So it’s time to make some changes and improvements to your business website.
Should you have someone alter your existing design, or start a new web presence from the ground up?
That’s not always an easy decision to make, and you will probably hear differing opinions on the subject. Never forget, however, that upgrading or replacing your website should be a business decision first and foremost, not one based on whims or artistic sensibilities. That means you should base the outcome on a set of business criteria, such as:
All things being equal, it’s almost always going to be cheaper to add a few pages or a new look, to your existing website then it is to build a brand-new web presence. But the more changes you make, the faster those hours can add up. And launching a new website is more about impact than anything else, so you’ll want to be sure you don’t save a few dollars now just to hurt your sales and marketing potential later.
When you need your new website launched.
In the same way, making some quick edits or renovations to your current website is generally going to be faster, but also limits you in how much you can actually improve your web presence. So plan early and think carefully about your calendar. If you have a bit of time to work with, you can be more ambitious with your plans.
Current versus needed functionality.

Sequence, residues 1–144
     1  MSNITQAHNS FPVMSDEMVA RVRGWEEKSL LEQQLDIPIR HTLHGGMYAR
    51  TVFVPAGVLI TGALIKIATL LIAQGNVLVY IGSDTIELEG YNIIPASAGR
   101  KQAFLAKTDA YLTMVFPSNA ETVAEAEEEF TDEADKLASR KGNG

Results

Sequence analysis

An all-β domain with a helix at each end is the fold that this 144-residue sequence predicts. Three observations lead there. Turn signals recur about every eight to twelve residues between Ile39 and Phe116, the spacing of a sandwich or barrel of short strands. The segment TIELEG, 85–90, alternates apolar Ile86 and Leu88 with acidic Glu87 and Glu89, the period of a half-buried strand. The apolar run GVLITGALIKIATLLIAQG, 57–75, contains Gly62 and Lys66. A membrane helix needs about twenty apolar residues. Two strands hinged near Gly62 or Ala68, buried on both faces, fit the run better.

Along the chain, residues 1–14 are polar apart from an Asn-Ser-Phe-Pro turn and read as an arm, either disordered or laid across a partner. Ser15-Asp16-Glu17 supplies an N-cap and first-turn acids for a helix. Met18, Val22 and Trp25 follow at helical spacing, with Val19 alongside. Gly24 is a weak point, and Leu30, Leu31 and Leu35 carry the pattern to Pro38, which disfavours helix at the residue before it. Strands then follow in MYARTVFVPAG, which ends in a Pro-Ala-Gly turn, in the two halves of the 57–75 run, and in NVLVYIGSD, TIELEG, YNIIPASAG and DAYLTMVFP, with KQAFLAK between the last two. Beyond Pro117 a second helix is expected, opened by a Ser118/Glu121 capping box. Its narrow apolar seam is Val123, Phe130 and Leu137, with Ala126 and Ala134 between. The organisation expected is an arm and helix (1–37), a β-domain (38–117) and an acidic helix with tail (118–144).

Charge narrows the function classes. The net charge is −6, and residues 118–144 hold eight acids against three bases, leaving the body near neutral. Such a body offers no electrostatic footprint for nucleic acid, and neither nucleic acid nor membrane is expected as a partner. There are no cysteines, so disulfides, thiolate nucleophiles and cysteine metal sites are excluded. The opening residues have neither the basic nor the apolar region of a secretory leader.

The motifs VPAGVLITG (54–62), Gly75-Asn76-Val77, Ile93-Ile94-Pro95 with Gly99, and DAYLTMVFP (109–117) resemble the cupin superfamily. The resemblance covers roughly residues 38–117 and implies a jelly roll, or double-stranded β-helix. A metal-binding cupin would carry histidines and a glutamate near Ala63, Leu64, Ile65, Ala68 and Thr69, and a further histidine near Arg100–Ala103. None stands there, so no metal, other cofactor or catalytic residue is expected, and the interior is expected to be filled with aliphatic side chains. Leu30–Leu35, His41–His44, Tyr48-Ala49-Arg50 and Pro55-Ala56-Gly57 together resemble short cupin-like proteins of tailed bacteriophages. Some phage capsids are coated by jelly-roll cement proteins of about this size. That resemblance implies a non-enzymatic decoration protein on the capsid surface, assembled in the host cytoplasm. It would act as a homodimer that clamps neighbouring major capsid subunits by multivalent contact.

What does your website not do that you wish it would or could? Until you can really answer this question, deciding what kinds of changes to make to your website – and on what scale – is kind of pointless. Often, businesses that come to us thinking they just want to switch a few things in their layout find that what they really need is more marketing and lead generation power. In those situations, attempting to “fix” what they have doesn’t make as much sense as starting over.
Responsive web designs, which adapt to viewers’ browsers and screen sizes, are becoming increasingly important because more and more people are viewing web pages through smartphones and tablets. Unfortunately, it can be expensive and time-consuming to re-encode an old website for responsive capability, so adding this incredibly important feature could mean starting from scratch.
If your current website already fits perfectly into your sales and marketing plans, and gets good results, then there’s no need to reinvent the wheel. On the other hand, if you’re trying to do big, ambitious things with your company, you don’t want to let an out-of-date website hold you back.
Getting a “new” website doesn’t necessarily have to mean getting a new website, but the reality is that it’s sometimes faster – and even less expensive – to start from the ground up than it is to renovate the foundation of your old web presence. If you’re not sure what you should do, or how it will affect the final product and profitability of your business, why not speak with a member of our team today to get some advice based on your specific situation?